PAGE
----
As you press the plunger down, air pressure is applied to the delicious coffee, making its body fuller and more concentrated.
This is pretty similar to the espresso maker which also relies on pressure to make the magic happen, which is why many coffee lovers refer to a cup of coffee made by AeroPress as “espresso-style”.
Brewing Coffee With The AeroPress
Next, let me walk you through how you can make the most out of the AeroPress, including what kind of coffee you should use, how the AeroPress accessories work, different AeroPress brewing methods, and a variety of AeroPress recipes.
Type & Roast
Luckily, for AeroPress, generally, any type of coffee beans and roast profiles should work. Think single-origin, blends, dark roast, light roast. Anything is within your reach.
You can make use of the coffee bags you’re currently using for other brewing methods like drip machine, espresso machine, Pour-Overs, and so on and test them on the AeroPress.
The versatility of coffee beans is definitely among the perks of getting yourself acquainted with the device.
But you do need to know what kind of coffee flavor you’re looking for to make the right pick that fits your personal preference.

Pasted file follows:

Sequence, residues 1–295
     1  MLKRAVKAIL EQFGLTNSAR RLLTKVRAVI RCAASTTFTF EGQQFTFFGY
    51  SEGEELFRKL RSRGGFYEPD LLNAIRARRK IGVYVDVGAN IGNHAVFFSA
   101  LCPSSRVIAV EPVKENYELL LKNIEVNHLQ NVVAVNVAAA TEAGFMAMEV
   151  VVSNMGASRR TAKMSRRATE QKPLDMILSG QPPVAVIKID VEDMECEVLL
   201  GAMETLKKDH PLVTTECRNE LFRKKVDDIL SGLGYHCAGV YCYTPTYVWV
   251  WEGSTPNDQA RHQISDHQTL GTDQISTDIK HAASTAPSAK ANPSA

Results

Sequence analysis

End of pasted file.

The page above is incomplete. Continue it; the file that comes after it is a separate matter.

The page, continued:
If the realm of possibility overwhelms you and you don’t know where to start, check out my top list of the best coffee beans for AeroPress as well as top tips for picking coffee for this lovely device.
Due to the very short amount of immersion time, you need finely ground coffee to work with the AeroPress.
This level of fineness allows optimized coffee-to-water contact for flavor extraction, especially the more intense notes.
Finer coffee also means more pressure will be applied when you press down the plunger, resulting in a richer and fuller-bodied brew, though it does make the process harder to go through.
If you want your coffee less intense, opt for a coarser grind – medium-fine and medium-sized coffee, specifically.
Whatever you do, try to grind coffee beans right before brewing to get the freshest cups of Joe.
For more information, check my comprehensive Ultimate Coffee Grind Size chart.
Like most coffee-making methods, you need to use near-boil hot water to effectively extract the delicious bean juice.
The National Coffee Association [NCA] suggests the go-to water temperature should be within the range of 195 – 205 degrees Fahrenheit (91 – 96 degrees Celsius).
But the brand itself recommends that the water should only be around 175 degrees Fahrenheit (80 degrees Celsius).